On reflection, I think I have 2 mentors in two librarian friends of mine. Both are older than me and one is female, the other male. I use the word ‘think’ here because I have asked advice of them and have watched and learnt from them. But this arrangement is informal and I haven’t told them they are my mentors. But I think they know I look to them for advice. I’ve also learnt a lot from people who post to various e-lists that I belong to – the HTAi Information Resources Group e-list (mentioned in an earlier CPD23 post), expert-searcher e-list, and various evidence-based practice e-lists. I’ve not considered asking someone to be a formal mentor. For me, it would be someone who is not a librarian but a professional in evidence-based practice. This would be very valuable and then I would consider myself capable of advising a new medical librarian. At the moment, when people say to me that I’m the ‘expert’, I feel very nervous as I don’t feel that I’ve reached that level yet.
LIScareer.com – Mentoring page
There is a lot here, mostly targeting new librarians. I’ll read these later and comment here.
How to Find a Mentor
There is a problem loading this page so I am reading a cached copy courtesy of Google Chrome. Ok, some good points here, especially regarding finding a mentor who will coach and help you overcome your weak points. I think you may also need a mentor to help you find out what these weak points are as personal feelings may cloud judgement.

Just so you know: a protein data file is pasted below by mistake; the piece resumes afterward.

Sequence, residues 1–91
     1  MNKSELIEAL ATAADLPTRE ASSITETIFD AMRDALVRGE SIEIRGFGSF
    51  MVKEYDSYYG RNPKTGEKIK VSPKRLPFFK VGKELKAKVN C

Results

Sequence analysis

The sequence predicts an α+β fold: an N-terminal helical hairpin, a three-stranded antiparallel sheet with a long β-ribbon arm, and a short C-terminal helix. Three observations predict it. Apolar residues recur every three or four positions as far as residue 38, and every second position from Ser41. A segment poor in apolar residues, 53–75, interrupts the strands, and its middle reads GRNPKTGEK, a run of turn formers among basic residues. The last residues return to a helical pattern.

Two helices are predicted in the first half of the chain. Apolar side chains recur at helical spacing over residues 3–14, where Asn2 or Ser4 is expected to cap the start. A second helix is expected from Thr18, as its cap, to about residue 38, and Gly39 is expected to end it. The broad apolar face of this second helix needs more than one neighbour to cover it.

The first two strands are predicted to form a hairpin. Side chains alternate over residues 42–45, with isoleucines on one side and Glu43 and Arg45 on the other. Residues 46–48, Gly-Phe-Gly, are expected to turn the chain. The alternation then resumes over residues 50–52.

IFLA Journal June 2009 vol. 35 no. 2171-182
I’ve noticed that the generational gap and the speed of retirement is a common theme in library papers, and not just in relation to mentoring. The interesting point of this article for me was why retired librarians are not more involved in mentoring. It would be perfect! Not only could retired librarians still be involved in the profession if they want to, they would be providing a valuable service and plus, get continued respect for their contribution and knowledge. This would follow a method used in medicine. Retired clinicians attend some of the meetings I go to (audit and grand rounds) and provide valuable input and feedback to interns. Why not develop a similar program?
Sharing program: The Big-Boy Boomeroo of mentoring
Carrye Syma and Cynthia Henry
C&RL News March 2009, pp 178-180
Again with the generational gap! The library profession is not unique in this regard and I wonder if this fixation is. Are other professions as concerned with the generational gap as librarians seem to be? There are always going to be new people coming any profession you care to mention. However, academic streams for this profession don’t seem to change that much over time – all that is different is new technologies and perhaps new ways of working. However, a really fine take-home point for me: mentoring is a two way street.
Revitalizing a Mentoring Program for Academic Librarians
Diana Farmer, Marcia Stockham, and Alice Trussell
College and Research Libraries, July 2009, pp 8-24
An interesting paper with lots of detail about this particular program provided in the appendixes. However, no literature review, just a mention that one had been done. As I work in a small library with 9 employees, this program isn’t applicable, but there are some very good take home points: mentors must be volunteers; there must be guidelines to frame the mentor/mentee relationship; continual program evaluation and improvement must take place. This has given me some ideas though. What if our local health libraries network set up a mentoring program?